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Resources for Education and Resilience

Age Verification is a tool, but will never be 100% effective in preventing children from seeing pornography one way or another.


On this page, we collate some of the best resources for parents and teachers who are thinking about how to talk to children about pornography.


Teaching resources

The Reward Foundation offers lesson plans addressing both pornography and sexting (sending explicit text messages).

The legal framework

The UK government statutory guidance for sex and relationships education is published here.

This House of Commons Library briefing provides an overview of the current rules and recent reforms to relationships and sex education in English schools.

Mary Sharpe

TRF CEO and Co-founder

“Pornography and sexting can be tricky subjects to teach. To help you feel more confident, our materials are based on research, the lived experience of young people, our experience teaching in schools, input from more than s 20 professionals, and parents. Our aim is to encourage critical thinking and help pupils make informed choices about the use of internet pornography and sexting; no blame, no shame.”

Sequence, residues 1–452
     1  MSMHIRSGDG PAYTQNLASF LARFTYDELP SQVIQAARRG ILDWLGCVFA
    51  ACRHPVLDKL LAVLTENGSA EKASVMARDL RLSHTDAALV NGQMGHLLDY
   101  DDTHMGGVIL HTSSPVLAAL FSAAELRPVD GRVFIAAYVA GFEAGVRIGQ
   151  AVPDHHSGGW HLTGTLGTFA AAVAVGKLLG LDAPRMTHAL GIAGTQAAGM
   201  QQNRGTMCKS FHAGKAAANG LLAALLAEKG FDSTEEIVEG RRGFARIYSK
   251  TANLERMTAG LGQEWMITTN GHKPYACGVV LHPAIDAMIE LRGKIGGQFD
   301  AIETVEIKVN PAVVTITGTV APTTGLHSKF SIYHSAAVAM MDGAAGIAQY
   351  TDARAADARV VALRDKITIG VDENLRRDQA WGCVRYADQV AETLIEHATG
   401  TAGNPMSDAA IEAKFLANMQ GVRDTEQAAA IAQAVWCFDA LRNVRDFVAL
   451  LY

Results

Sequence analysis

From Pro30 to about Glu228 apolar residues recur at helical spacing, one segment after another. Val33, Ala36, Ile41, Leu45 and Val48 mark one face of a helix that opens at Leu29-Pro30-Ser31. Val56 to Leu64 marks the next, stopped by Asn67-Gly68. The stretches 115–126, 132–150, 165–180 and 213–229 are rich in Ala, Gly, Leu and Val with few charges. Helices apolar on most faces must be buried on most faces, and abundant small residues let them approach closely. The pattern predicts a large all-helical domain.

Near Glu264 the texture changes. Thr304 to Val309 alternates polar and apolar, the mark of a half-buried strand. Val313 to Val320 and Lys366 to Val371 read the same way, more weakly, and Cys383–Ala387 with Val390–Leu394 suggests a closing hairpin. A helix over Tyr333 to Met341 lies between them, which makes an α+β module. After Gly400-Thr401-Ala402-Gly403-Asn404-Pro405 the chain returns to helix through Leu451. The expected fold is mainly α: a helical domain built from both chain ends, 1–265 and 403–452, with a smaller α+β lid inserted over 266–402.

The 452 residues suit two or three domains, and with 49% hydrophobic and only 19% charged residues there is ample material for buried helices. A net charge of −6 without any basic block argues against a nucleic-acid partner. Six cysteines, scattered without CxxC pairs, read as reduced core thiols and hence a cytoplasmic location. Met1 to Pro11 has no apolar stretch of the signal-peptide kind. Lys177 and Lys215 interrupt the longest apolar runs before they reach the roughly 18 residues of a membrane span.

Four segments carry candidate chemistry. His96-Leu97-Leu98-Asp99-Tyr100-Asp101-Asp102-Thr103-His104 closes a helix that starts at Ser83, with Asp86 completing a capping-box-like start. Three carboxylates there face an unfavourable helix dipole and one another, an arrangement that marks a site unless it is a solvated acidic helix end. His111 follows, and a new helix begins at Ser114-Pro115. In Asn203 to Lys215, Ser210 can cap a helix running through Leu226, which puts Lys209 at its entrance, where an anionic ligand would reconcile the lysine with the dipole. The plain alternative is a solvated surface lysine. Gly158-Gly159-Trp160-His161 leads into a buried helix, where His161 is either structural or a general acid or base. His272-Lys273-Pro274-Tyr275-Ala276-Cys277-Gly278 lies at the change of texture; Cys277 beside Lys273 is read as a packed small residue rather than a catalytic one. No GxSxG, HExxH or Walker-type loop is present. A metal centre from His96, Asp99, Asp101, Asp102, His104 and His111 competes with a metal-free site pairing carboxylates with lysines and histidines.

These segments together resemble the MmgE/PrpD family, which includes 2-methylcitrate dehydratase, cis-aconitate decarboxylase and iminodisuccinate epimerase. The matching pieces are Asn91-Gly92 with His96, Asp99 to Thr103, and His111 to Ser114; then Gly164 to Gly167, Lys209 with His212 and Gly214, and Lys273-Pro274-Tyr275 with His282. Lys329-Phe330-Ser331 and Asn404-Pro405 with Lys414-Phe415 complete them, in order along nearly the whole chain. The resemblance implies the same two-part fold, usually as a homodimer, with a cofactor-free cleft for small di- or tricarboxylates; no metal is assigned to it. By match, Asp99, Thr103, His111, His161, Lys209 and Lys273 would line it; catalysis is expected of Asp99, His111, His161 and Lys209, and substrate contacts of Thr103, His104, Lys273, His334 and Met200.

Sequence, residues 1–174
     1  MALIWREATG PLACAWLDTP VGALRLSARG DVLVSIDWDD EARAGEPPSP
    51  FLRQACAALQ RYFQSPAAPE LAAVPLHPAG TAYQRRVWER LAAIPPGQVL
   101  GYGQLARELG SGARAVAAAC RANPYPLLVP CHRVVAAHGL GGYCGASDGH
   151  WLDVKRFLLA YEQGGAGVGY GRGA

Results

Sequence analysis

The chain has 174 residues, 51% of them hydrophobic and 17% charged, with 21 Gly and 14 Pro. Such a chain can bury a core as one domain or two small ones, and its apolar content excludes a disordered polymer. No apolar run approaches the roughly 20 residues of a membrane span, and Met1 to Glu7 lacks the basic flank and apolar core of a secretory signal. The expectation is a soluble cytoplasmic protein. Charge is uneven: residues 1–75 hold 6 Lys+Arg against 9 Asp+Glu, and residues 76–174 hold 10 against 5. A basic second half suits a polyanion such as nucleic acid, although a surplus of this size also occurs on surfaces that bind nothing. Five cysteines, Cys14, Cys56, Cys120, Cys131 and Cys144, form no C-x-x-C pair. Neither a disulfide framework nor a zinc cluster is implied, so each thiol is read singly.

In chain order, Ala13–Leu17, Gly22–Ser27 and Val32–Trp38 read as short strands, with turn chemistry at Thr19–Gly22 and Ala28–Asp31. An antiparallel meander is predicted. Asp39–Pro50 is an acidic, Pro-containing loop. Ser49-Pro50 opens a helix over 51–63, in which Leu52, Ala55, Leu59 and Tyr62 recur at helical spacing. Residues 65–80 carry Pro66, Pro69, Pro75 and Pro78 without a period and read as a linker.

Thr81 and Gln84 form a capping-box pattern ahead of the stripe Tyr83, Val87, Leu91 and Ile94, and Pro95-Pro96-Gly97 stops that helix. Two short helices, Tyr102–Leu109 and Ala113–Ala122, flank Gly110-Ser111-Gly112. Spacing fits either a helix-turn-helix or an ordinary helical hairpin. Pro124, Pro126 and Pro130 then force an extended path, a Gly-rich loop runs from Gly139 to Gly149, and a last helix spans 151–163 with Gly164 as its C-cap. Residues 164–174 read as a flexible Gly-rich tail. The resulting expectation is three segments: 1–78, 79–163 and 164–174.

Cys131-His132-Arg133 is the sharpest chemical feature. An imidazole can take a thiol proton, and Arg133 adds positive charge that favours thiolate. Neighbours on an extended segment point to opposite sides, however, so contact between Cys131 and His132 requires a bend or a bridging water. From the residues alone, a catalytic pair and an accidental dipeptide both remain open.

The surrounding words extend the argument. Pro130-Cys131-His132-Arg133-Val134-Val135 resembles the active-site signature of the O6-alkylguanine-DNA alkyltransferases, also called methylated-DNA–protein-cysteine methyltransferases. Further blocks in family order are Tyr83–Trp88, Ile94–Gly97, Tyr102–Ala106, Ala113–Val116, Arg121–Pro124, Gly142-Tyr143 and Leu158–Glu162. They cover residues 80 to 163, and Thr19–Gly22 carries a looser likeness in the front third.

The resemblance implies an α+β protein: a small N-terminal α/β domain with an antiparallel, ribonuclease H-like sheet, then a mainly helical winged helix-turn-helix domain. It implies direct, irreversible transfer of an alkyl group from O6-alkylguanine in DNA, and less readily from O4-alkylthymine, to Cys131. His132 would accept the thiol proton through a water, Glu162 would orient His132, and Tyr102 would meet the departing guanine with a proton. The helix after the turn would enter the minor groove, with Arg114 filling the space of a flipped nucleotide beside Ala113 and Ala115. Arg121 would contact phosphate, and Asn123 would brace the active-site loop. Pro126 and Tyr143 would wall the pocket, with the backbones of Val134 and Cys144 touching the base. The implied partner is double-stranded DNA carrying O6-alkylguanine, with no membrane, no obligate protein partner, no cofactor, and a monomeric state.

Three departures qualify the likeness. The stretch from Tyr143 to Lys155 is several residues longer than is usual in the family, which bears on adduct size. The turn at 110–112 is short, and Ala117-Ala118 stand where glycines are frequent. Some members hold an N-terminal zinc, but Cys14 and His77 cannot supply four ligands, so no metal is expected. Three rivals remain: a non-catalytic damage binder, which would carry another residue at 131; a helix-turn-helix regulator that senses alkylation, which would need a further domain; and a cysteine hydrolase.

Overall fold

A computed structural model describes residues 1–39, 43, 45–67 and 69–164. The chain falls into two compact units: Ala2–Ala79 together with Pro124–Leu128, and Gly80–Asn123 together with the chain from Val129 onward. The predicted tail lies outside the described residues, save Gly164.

New Zealand’s educational resources

The Light Project is a charitable trust in New Zealand founded in 2017 by a small team of sexual and public health experts. The project is a pilot project that aims to help youth, schools and wider communities to positively navigate the new pornography landscape.  It offers a range of tools and guidelines.

Our Kids Online is a one stop shop designed to provide parents with information and resources to help keep children safer online, in particular with regard to their exposure to predators and online pornography.

And finally, here is the New Zealand government’s porn safety advertising campaign and the Keep It Real Online website.